Seven states are now challenging the president's mandate requiring religious groups to provide birth control coverage for employees.
Florida, Michigan, Ohio, Oklahoma, South Carolina, Texas, and Nebraska are the latest to join the legal fight.
Their federal lawsuit alleges the rule violates the First Amendment rights of groups that object to the use of contraceptives.
Nebraska Attorney General Jon Bruning said the rule "forces of millions of Americans to choose between following religious convictions and complying with federal law."
"We will not stand idly by while our constitutionally guaranteed liberties are discarded by an administration that has sworn to uphold them," he said.
The lawsuits are part of growing backlash against the Obama administration's contraception rule.
"Never before has the federal government forced individuals or organizations to go out into the marketplace and buy a product that violates their conscience," said newly ordained Roman Catholic Cardinal Timothy Dolan, the archbishop of New York.
In an effort to compromise, President Obama recently offered a fix.
Instead of requiring religious-affiliated organizations to include contraception coverage, employees who work for those organizations can get contraceptives directly from their insurance company free of charge, leaving their employer out of the loop.
"These employers will not have to pay for or provide contraception services, but women who work at these institutions will have access to free contraceptive services just like other women," the president said.
The fix satisfied some organizations. But the top Catholic bishop in the United States has promised legislative and legal challenges to the move, and some groups are already suing the administration.
"The president seems to think that your conscience should feel better if instead of writing on page two, 'I will cover abortion drugs and contraceptives,' he just staples it onto the back after the policy is out of your hands," Mark Rienzi, senior legal counsel for the Becket Fund for Religious Liberty, told CBN News.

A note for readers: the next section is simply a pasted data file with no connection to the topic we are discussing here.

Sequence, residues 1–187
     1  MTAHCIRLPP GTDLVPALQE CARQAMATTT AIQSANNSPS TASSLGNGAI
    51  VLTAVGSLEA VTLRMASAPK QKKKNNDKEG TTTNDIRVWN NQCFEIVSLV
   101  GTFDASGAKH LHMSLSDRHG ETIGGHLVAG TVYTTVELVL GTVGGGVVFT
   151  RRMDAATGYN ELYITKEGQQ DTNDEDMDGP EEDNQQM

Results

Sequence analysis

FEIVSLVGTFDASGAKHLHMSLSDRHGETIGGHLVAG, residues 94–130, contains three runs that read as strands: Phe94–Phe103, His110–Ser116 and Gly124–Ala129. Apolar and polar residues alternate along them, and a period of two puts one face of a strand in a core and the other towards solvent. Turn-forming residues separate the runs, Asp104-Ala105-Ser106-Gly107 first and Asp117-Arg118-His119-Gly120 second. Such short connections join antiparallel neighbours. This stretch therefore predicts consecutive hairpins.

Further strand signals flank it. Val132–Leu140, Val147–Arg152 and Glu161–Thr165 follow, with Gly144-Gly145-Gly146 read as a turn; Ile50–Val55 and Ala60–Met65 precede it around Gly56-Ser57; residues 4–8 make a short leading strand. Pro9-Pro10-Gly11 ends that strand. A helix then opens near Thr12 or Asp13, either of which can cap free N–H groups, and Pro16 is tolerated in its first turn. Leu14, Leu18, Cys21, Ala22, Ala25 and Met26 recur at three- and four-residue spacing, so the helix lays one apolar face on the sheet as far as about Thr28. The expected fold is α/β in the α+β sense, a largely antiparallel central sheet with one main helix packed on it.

"It's a distinction without a moral difference," he stated. "It doesn't change anything."
The Becket Fund is suing the Obama administration on behalf of four religious employers: a Catholic college and university, an evangelical Christian college and EWTN, and a Catholic broadcasting network based in Alabama.
Rienzi said the president's fix divides religious institutions into three different groups.
- Churches, which enjoy the most constitutional protections.
- Religious-affiliated institutions that employ or serve people of other faiths, which get a little protection.
- Individuals, lay people like those who founded EWTN, get no protection.
"Well, the Constitution doesn't give the president the power to pick and choose which religious individuals and organizations he wants to protect," Rienzi told CBN News.
"That really is above his pay grade," he said. "That's not a power the government has."
Polls indicate many Catholics use birth control despite church teachings against it. But Rienzi said that's not an excuse for the administration to violate the Constitution.
"In other words, we don't look at the Jehovah's Witnesses who say, 'I can't salute the flag,' and say well, that's not a very popular view so you don't have your rights. We give them their rights," Rienzi said.
"Everyone has their religious liberty rights, and you don't get to say because some Catholics willingly do something, I can force the rest of them to do it in violation of their rights," Rienzi said. "It's just not the way constitutional rights work."
Meanwhile, the health care law is already facing a constitutional challenge. This spring the Supreme Court will hear arguments for and against the law's individual mandate that requires Americans to buy health insurance.